Published on February 19, 2013 by Amy
Locusts are part of a large group of insects commonly called grasshoppers which have big hind legs for jumping. Locusts belong to the family called Acrididae. Locusts differ from grasshoppers in that they have the ability to change their behaviour and habits and can migrate over large distances.
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Grasshopper and locust are the same type of insect. However, a locust is a changed grasshopper in that it has different behaviors and coloration. What triggers these changes is not completely understood, but recent evidence suggests that the individuals of a group influence each other. In some locales, locust develop periodically while in others, just the normal grasshopper appears. Both have wings. However, the developing grasshopper takes several months to become an adult. They hatch as very small grasshoppers and grow over the summer months. This is “incomplete metamorphosis”, unlike the metamorphosis of butterflys, moths, etc.
Adult locusts have wings, and they fly with a buzzing sound. The wings are actually quite pretty in flight, showing flashes of bright colors. This is surprising for an otherwise olive-drab insect. The larvae lok a lot like the adults, but they do not have wings. They can hop just like the adults, however.
Acrididae are small to large insects, varying from short and stout to long and slender. They are usually gray, brownish or green in colour, some have brightly coloured hind wings. The front and hind wings are fully developed or totally lacking. The ovipositor is short.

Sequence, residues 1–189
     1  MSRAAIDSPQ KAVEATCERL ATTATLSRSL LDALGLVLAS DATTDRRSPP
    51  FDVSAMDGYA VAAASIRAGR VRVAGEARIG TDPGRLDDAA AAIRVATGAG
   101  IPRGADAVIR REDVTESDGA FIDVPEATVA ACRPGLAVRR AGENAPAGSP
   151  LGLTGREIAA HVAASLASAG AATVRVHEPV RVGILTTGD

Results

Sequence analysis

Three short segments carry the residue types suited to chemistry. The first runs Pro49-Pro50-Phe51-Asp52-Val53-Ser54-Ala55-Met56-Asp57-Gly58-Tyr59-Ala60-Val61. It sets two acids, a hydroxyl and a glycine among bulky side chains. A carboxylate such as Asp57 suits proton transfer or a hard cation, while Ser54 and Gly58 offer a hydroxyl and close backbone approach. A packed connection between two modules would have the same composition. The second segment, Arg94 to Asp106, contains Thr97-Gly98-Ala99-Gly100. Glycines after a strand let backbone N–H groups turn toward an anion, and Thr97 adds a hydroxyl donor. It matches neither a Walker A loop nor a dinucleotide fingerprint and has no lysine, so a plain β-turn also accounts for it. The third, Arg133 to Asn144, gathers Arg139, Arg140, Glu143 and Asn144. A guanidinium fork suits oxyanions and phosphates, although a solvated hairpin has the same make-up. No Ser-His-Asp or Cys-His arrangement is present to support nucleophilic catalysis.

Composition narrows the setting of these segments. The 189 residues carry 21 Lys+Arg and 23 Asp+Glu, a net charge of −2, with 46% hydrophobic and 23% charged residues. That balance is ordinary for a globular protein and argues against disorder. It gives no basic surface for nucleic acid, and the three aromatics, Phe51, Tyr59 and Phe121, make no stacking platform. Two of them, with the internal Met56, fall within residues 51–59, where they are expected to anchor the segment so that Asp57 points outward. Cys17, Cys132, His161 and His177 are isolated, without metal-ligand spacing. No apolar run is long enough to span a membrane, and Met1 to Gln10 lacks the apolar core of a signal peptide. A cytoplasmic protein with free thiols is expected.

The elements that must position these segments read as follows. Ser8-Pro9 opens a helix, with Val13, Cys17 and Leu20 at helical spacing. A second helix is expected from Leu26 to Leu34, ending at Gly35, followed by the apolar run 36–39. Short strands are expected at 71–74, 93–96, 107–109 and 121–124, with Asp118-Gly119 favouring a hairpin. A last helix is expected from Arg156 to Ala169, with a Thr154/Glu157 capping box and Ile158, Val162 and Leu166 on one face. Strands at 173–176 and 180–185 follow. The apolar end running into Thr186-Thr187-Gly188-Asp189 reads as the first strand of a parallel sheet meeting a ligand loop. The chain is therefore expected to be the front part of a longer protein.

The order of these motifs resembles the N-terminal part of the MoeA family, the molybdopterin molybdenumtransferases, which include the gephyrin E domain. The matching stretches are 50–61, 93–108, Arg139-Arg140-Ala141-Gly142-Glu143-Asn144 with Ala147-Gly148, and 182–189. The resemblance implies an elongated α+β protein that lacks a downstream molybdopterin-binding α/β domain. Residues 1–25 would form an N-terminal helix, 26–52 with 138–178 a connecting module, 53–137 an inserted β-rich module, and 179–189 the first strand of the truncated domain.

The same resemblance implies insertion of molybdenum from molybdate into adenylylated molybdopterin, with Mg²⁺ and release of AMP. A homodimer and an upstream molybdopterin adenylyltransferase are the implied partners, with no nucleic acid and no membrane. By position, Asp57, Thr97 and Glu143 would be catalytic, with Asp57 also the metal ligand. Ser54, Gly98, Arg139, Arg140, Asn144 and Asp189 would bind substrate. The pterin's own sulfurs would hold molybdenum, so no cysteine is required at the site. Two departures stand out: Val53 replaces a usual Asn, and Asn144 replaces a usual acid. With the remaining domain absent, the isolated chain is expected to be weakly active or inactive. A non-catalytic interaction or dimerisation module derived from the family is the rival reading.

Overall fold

Comments: Acrididae are plant feeders, and they are often very destructive to vegetation. This family includes most of the grasshoppers that are common in meadows and along roadsides from mid-summer to fall and also the majority of economically important grasshoppers and all true locusts. Males sing during the day by rubbing the inner surface of the hind femur against the lower edge of the front wing. Acrididae detect sounds using a membrane called the tympanum on each side of the first abdominal segment.
Here are a few local recipes from locust-affected countries.
Tinjiya (Tswana recipe): remove the wings and hindlegs of the locusts, and boil in a little water until soft. Add salt, if desired, and a little fat and fry until brown. Serve with cooked, dried mealies (corn).
Sikonyane (Swazi recipe): prepare embers and roast the whole locust on the embers. Remove head, wings, and legs, in other words, only the breast part is eaten. The South Sotho people use locusts especially as food for travellers. The heads and last joint of the hindlegs are broken off and the rest laid on the coals to roast. The roasted locusts are ground on a grinding stone to a fine powder. This powder can be kept for long periods of time and is taken along on a journey. Dried locusts are also prepared for the winter months. The legs, when dried, are especially relished for their pleasant taste.
Cambodia: take several dozen locust adults, preferably females, slit the abdomen lengthwise and stuff a peanut inside. Then lightly grill the locusts in a wok or hot frying pan, adding a little oil and salt to taste. Be careful not to overcook or burn them.
Barbecue (grilled): prepare the embers or charcoal. Place about one dozen locusts on a skewer, stabbing each through the centre of the abdomen. If you only want to eat the abdomen, then you may want to take off the legs or wings either before or after cooking. Several skewers of locusts may be required for each person. Place the skewers above the hot embers and grill while turning continuously to avoid burning the locusts until they become golden brown.